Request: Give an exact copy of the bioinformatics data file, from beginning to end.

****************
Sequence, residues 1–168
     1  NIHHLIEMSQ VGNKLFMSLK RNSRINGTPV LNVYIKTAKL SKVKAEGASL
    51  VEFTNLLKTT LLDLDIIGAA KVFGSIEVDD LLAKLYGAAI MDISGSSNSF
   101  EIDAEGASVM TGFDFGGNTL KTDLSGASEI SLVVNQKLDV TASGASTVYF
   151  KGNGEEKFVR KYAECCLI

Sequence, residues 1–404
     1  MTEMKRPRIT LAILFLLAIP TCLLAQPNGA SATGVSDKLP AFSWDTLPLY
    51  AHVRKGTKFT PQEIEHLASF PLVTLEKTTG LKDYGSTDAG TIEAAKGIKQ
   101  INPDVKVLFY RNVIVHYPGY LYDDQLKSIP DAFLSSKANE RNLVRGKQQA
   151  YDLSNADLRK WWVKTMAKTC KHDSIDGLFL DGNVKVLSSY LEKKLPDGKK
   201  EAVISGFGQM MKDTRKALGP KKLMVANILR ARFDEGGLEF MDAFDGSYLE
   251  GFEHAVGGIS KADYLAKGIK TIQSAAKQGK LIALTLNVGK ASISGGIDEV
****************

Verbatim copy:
Sequence, residues 1–168
     1  NIHHLIEMSQ VGNKLFMSLK RNSRINGTPV LNVYIKTAKL SKVKAEGASL
    51  VEFTNLLKTT LLDLDIIGAA KVFGSIEVDD LLAKLYGAAI MDISGSSNSF
   101  EIDAEGASVM TGFDFGGNTL KTDLSGASEI SLVVNQKLDV TASGASTVYF
   151  KGNGEEKFVR KYAECCLI

Sequence, residues 1–404
     1  MTEMKRPRIT LAILFLLAIP TCLLAQPNGA SATGVSDKLP AFSWDTLPLY
    51  AHVRKGTKFT PQEIEHLASF PLVTLEKTTG LKDYGSTDAG TIEAAKGIKQ
   101  INPDVKVLFY RNVIVHYPGY LYDDQLKSIP DAFLSSKANE RNLVRGKQQA
   151  YDLSNADLRK WWVKTMAKTC KHDSIDGLFL DGNVKVLSSY LEKKLPDGKK
   201  EAVISGFGQM MKDTRKALGP KKLMVANILR ARFDEGGLEF MDAFDGSYLE
   251  GFEHAVGGIS KADYLAKGIK TIQSAAKQGK LIALTLNVGK ASISGGIDEV